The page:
Friday, August 29, 2014

Standfast 50

Standfast 50 sailboat, Terrazza Mascagni, Livorno
A Standfast 50 sailboat in the waters of the Terrazza Mascagni.
Standfast 50 sailboat, Terrazza Mascagni, Livorno
Th 15-meter yacht is sailing under a conspicuous Dutch flag.
(Pictures taken last June)
Search labels: sailboat

Thursday, August 28, 2014

Guard Dogs

Guard dogs, Yacht Club Livorno, via del Molo Mediceo, Livorno
The relaxed and quite friendly guard dogs of the Yacht Club Livorno. (Picture taken last July)

Wednesday, August 27, 2014

AIDAblu

AIDAblu Cruise ship, IMO 9398888, port of Livorno
The 253-meter “AIDAblu” entered service in 2010 and is the seventh ship of the AIDA fleet. She is the fourth of the new generation, built at the Meyer Werft shipyard, in Germany.
AIDAblu Cruise ship, IMO 9398888, port of Livorno
With a crew of 607 she can carry 2050 passengers. “AIDAblu” has 1,096 cabins: 414 inside, 172 outside and 453 with balcony. She also has 18 suites, 34 spa balcony cabins and 5 spa suites.

See also: AIDAmar - Red Lips
External links: AIDAblu - AIDA Cruises - Meyer Werft (Wikipedia) - Deck plan M/S AIDA blu (Seascanner)
Search labels: cruise ship

Tuesday, August 26, 2014

Floating Trash

Empty bottles in the new canal, Venezia, Livorno
The new canal in the Venice quarter of Livorno is often full of floating trash...

See also: A New Canal
Search labels: new canal

Monday, August 25, 2014

Via Grande and Largo Duomo

Porticoes, Via Grande, Livorno
The porticoes of Via Grande, built after the Second World War.
Porticoes, Largo Duomo, Livorno
The slightly older porticoes of Largo del Duomo, built before the Second World War. If you wish, you can see a detail of the Palladian flooring here.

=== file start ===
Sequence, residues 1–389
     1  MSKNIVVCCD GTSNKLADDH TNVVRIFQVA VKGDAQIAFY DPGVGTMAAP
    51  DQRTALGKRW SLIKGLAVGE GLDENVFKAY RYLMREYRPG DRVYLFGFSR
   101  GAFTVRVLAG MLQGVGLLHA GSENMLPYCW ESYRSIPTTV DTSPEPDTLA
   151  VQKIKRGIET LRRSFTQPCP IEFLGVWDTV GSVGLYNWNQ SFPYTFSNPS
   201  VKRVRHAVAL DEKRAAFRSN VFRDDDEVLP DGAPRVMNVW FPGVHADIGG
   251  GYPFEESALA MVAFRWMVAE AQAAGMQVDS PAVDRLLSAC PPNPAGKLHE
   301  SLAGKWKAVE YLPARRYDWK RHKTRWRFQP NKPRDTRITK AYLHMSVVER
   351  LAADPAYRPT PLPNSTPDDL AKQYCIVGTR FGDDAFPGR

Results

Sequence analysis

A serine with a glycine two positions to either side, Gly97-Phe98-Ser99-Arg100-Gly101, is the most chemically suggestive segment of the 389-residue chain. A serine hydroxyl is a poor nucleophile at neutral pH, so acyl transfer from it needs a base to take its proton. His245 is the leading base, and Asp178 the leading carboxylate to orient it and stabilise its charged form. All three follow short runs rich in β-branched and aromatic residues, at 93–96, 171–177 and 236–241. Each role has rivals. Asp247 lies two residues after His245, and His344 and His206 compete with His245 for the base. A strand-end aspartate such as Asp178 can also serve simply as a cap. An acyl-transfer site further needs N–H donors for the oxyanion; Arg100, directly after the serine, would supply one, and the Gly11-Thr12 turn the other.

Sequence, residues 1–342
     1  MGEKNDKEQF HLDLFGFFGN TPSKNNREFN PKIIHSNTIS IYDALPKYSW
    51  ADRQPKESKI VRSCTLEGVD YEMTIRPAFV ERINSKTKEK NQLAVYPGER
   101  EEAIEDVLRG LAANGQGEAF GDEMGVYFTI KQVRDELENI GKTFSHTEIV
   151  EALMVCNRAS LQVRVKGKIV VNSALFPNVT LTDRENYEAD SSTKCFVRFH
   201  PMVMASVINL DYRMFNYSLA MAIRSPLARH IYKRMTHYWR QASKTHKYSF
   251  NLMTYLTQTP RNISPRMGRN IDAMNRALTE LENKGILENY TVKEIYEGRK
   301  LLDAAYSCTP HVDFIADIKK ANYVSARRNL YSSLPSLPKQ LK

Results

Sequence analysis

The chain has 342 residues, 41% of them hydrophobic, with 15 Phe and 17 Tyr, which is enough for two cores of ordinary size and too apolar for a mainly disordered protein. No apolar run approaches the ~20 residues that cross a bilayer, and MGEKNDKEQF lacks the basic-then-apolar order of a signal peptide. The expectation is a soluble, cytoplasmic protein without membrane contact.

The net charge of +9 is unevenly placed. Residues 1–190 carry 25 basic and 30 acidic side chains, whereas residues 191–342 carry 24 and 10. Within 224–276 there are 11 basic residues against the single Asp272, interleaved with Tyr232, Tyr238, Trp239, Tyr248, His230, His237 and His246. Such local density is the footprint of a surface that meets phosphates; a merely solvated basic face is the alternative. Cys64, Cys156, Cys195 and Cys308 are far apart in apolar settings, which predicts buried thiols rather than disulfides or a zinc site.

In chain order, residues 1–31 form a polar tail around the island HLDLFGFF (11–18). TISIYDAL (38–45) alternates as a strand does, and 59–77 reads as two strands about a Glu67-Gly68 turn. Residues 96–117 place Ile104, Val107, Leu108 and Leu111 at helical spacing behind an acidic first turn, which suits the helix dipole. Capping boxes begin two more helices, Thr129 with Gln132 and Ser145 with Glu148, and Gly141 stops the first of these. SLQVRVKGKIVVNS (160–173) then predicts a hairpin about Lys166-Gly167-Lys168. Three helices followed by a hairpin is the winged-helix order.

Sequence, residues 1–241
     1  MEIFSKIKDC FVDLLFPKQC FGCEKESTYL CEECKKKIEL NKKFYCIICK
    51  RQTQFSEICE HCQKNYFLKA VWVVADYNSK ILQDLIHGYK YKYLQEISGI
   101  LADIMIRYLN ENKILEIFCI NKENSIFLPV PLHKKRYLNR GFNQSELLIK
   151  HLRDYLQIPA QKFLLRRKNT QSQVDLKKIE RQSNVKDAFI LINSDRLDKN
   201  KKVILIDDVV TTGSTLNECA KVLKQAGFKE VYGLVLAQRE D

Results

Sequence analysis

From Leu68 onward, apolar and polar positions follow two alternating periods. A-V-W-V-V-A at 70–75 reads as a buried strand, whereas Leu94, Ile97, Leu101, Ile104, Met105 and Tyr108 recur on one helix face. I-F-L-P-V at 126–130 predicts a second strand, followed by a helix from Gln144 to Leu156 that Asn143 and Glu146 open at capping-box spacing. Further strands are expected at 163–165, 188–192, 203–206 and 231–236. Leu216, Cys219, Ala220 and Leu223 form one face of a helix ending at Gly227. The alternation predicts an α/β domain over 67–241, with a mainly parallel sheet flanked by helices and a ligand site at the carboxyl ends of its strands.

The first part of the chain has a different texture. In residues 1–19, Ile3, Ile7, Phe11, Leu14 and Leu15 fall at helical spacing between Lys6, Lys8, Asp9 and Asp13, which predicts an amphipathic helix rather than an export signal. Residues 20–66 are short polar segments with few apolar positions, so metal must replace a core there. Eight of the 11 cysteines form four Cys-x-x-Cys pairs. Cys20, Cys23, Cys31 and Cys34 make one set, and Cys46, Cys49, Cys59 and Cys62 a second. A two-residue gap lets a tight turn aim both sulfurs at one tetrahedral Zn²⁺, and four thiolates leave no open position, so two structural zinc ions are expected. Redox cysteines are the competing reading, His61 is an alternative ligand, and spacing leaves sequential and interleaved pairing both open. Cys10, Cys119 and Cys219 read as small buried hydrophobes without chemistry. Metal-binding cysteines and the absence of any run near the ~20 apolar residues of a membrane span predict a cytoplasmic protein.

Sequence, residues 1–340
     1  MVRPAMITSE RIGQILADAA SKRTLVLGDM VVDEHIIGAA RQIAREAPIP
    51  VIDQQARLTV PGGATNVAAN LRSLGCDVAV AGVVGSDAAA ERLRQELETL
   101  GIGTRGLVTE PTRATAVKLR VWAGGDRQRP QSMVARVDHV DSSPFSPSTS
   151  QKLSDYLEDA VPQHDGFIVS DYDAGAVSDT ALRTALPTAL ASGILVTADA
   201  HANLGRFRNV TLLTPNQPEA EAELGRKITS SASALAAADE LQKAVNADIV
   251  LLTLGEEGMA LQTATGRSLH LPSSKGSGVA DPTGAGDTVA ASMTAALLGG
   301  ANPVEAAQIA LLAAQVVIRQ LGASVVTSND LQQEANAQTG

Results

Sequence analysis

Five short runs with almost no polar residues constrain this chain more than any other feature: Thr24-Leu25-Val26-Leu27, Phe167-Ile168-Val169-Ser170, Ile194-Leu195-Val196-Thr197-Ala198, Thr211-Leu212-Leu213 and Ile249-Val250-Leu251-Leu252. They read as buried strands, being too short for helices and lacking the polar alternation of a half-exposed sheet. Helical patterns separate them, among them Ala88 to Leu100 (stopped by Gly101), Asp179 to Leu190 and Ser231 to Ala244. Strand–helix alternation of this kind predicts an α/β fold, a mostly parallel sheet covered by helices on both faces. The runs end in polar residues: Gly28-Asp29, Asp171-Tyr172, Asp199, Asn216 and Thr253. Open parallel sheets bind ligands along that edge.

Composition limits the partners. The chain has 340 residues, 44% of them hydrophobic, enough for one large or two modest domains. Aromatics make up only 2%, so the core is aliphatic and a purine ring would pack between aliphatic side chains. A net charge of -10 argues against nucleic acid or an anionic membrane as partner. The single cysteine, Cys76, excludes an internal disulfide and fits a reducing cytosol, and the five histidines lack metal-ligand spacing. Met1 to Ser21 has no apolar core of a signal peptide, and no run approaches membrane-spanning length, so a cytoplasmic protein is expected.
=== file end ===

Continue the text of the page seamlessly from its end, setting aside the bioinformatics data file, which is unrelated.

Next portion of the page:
See also: Porticoes - Palladian Flooring

Sunday, August 24, 2014

Benches of Livorno

A seminal work on the benches of Livorno is now available online. This well-thought selection shows more than two hundred photos taken in the last five years and has already been enthusiastically reviewed by one of the foremost authorities on the history of benches.

In a time when most people are interested in seats mainly as a metaphor for power, it is strange to find a person who has devised to describe the humus, the urban culture—if not the very heart of a city—by starting from the observation and “portraiture” of a city’s benches, both public and private.
Both the seriality of the multiples and the proposal of the single objects, the benches, in the photographs of this refined artist speak to us of his city, without ever renouncing a linear elegance and a touch of originality.
The many images, always evocative and revealing a rare sensibility, trace a semantically elaborate path, ranging from symbolic references and scientific cataloguing, towards a simplified syntax devoted to succinct fragments of a universal dailyness.
A declaration of love to Livorno which, we are quite certain, the photographer’s fellow citizens will be able to value and appreciate, but also a collection of shared themes that will affect attentive observers all around the globe.

(Stephen S. Hacksaw)

Search labels: Benches of Livorno

Saturday, August 23, 2014